When we think of tourism, we imagine unique moments in paradisiacal landscapes, beautiful accommodations, and enriching meetings with other cultures. However, that experience promised by a tourism agency or an influencer on Instagram can change depending on the physical appearance of the traveler. Therefore, racism in the tourism industry is a serious and complex problem.
As a teenager in France, they mistreated me and looked at me contemptuously because they thought I was an Arab. Nicole Philip, an African-American American, was attacked on a beach in Italy for being black. A couple of years ago, multiple racist allegations were made against Airbnb hosts. It is enough to just ask a little bit to uncover disturbing stories.
According to Evelyne Heyer, a biologist, and genetic anthropologist, “Racism is not just about skin color, it is also discrimination against individuals who are physically, culturally, or morally different.” So we know that there is racism in tourism, but… what can we do about it?
Why is it necessary to talk about racism in tourism
Recognizing and understanding that it is a problem and that not everyone enjoys travel experiences, in the same way, allows us to have a more open mind and even more possibilities to provide solutions. However, when it does not affect us directly, we are often left in our bubble of ignorance.
Do you know what your risks are and what your privileges are when traveling? Have you ever wondered what you can do if you see a racist attack in a tourist area? Have you ever wondered how a person’s travel experience with Asian features can change, especially after this Covid-19 pandemic?
In an article published in the Here Magazine, they recommend doing a self-assessment first and educating yourself to recognize racist acts and take action.
An entertaining and valuable way to analyze the different experiences when traveling is to follow influencers or journalists who represent those often victims of travel. For example, listen to the anecdotes of the Canadian Oneika Traveller on YouTube or follow more Latin, black, Asian, or indigenous tourism voices.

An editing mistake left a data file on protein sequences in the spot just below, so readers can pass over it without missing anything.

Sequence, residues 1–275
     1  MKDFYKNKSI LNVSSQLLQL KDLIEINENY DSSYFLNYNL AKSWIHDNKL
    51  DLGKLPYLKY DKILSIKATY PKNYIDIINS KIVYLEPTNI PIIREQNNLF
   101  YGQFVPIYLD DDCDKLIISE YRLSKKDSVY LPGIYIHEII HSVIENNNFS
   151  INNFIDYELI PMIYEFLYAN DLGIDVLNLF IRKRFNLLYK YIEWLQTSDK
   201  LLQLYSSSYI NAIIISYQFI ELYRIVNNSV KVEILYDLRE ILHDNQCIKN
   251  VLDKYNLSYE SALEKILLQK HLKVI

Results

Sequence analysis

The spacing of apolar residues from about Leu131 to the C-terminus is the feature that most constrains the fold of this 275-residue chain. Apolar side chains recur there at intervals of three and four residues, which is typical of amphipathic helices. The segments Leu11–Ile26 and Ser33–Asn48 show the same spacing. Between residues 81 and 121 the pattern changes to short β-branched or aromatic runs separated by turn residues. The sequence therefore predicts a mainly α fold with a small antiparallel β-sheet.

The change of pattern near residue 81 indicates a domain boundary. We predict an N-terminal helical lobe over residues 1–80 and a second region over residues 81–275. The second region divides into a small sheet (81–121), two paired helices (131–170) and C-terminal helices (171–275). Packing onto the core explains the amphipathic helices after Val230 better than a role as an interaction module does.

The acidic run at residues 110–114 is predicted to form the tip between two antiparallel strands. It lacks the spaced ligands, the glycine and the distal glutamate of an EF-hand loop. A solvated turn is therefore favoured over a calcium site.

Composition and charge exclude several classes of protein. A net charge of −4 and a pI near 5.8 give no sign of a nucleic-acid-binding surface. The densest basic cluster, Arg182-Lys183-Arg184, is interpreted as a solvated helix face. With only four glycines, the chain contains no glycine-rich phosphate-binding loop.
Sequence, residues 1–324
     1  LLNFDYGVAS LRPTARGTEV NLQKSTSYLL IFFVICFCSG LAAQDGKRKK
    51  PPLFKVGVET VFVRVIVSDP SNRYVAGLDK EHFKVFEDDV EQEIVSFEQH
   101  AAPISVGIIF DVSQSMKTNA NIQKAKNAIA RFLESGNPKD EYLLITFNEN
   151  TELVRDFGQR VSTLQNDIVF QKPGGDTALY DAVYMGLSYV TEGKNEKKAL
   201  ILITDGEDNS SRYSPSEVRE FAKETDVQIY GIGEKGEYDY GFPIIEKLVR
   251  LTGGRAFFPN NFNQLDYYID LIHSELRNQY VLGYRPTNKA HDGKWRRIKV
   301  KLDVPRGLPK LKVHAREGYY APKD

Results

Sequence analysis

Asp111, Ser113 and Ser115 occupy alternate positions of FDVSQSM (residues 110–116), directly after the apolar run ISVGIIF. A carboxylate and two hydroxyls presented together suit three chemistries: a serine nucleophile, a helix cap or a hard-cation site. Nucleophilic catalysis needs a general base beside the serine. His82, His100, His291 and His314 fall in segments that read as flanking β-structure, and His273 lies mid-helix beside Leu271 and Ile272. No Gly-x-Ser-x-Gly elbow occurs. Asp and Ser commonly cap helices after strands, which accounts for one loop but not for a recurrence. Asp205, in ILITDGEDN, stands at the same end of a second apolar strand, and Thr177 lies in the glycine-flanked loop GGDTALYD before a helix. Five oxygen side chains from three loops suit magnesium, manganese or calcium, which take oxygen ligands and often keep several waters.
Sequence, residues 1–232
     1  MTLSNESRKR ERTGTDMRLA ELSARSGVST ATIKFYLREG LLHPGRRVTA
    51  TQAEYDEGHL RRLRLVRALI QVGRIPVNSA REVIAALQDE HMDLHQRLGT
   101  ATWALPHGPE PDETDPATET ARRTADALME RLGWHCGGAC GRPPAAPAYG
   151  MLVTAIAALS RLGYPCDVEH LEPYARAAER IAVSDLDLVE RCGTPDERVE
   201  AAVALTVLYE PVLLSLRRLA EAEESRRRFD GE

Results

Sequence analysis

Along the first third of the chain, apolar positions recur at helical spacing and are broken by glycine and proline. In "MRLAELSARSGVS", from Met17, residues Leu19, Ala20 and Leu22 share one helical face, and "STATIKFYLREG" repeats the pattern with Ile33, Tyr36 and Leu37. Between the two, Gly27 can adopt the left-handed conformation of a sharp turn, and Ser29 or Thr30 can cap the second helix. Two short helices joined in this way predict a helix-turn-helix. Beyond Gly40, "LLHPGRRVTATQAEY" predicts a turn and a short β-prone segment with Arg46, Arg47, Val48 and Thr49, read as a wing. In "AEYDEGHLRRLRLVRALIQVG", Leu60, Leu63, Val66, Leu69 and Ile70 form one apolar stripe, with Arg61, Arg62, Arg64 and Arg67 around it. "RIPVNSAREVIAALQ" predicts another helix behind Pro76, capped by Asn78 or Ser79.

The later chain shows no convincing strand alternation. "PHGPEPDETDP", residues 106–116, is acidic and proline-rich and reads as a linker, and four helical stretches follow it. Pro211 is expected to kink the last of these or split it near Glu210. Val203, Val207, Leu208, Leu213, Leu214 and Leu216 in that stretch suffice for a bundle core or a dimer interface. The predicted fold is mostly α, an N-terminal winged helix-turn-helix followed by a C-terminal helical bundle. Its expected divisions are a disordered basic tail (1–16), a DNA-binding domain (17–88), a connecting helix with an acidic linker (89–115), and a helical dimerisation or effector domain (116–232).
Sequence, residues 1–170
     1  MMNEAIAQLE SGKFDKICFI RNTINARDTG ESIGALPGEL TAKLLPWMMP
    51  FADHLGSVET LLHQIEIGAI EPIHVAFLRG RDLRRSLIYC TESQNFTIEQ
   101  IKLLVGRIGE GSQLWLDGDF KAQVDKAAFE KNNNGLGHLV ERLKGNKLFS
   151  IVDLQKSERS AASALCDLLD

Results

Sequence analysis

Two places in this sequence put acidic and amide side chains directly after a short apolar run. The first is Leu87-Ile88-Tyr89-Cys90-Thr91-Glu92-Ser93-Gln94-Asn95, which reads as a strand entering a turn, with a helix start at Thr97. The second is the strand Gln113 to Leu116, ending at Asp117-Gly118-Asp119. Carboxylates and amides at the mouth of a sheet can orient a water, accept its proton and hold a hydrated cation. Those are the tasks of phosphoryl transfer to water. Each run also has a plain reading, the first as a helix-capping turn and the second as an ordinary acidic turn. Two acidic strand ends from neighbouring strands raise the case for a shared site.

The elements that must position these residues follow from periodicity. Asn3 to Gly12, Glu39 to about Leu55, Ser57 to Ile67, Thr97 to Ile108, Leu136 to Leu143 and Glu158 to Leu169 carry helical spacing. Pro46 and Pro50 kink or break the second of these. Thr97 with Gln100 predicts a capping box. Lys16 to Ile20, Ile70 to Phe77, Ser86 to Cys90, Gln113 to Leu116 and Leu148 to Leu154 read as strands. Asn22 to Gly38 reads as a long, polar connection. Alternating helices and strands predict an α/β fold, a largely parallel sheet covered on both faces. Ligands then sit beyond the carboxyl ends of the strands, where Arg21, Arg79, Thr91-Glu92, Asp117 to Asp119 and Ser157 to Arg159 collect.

The importance of cultural exchange
Yes, it is essential to understand and take precautions — especially if your physical features are discriminated against in that place you want to visit — but we cannot limit our experiences out of fear. Traveling, getting to know other cultures, and allowing others to understand our customs is one of the most valuable exercises to combat racism and our prejudices.
In his Guide for Innocent Travelers, Mark Twain wrote that “travel is fatal to prejudice, bigotry, and narrow-mindedness.” As travelers, we question stereotypes, and we have the possibility of demolishing myths and beliefs with which we grew up from childhood.
Knowing —really— other lifestyles and customs is an exercise in conscience. It is not just about visiting iconic places and posting photos on Instagram; it means going a little further: talking with locals, listening, observing, understanding the differences, their problems, and virtues.
If we want to use our trips to combat racism, we must do an introspective, educational exercise and approach other cultures with humility and a desire to learn. It is almost a scientific methodology, but it is the best way to change ourselves and hopefully our small contribute to combat racism in tourism.